We certainly enjoyed working with him and he did his job well overall (albeit with some areas for growth around meeting deadlines, reliability, etc.), but I am wary of rehiring him if he leaves his new job soon because I would be concerned that he might leave our company fairly quickly again as well. Is that a good reason not to rehire someone who I like, or am I being overly strict/cautious here?

In general when you’re thinking about taking someone back so soon after they left, you want to make sure you understand why they left in the first place so that you can both accurately assess whether those things are likely to still be issues. Sometimes it’s really just that a higher offer dropped in the person’s lap, but often there were other problems in play which you’d need to address if you want to keep the person around long-term (whether it’s under-market salaries or unrealistic workload or bad management or so on).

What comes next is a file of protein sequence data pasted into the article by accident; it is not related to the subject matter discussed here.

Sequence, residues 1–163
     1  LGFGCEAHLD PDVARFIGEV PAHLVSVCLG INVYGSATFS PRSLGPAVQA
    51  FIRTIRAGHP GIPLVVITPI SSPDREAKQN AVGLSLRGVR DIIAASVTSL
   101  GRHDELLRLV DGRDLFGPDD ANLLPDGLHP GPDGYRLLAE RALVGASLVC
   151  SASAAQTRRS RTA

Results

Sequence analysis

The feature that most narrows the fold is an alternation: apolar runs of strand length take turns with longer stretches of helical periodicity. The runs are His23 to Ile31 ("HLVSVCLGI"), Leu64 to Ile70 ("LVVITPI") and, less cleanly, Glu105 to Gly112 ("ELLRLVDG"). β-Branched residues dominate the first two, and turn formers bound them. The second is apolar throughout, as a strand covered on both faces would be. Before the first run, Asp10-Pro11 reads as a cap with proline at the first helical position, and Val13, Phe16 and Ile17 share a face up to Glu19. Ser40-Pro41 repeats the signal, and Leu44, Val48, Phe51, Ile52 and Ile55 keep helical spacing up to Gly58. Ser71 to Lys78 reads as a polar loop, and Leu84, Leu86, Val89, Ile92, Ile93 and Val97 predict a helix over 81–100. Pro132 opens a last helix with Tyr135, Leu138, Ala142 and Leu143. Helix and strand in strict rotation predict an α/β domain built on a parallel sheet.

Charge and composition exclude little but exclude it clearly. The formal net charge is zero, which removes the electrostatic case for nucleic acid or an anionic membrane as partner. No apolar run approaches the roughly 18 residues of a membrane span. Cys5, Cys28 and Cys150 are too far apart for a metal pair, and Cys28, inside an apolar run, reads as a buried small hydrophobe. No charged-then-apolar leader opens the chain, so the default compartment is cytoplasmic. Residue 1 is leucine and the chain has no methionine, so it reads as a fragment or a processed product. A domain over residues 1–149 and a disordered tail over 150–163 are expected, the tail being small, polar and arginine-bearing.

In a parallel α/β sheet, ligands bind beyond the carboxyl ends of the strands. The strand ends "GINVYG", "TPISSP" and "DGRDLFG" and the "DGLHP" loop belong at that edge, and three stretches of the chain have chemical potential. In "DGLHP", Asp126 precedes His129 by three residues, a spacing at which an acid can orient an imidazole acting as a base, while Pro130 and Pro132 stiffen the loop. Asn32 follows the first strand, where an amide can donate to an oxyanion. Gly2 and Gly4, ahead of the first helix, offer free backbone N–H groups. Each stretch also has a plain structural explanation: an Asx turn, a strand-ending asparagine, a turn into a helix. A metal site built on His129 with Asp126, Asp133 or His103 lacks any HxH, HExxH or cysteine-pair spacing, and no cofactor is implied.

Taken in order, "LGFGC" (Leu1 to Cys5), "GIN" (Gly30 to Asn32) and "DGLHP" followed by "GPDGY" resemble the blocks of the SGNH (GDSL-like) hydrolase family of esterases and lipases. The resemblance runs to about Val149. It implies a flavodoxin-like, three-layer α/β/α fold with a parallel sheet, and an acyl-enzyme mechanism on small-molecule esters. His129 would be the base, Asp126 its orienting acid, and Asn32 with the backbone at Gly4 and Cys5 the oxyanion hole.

But in this case, with a guy who only worked for you for five months and in that time had issues with deadlines and reliability, I’d push you on whether it really makes sense to bring him back. Reliability and meeting deadlines are big deals. While those things are sometimes coachable (although definitely not always), I’m skeptical that you would have eagerly hired him the first time if you had known in advance that those were going to be issues. If I’m right about that, take advantage of the fact that you do know in advance this time around and look at other candidates.

{ 420 comments… read them below }

  1. Observer*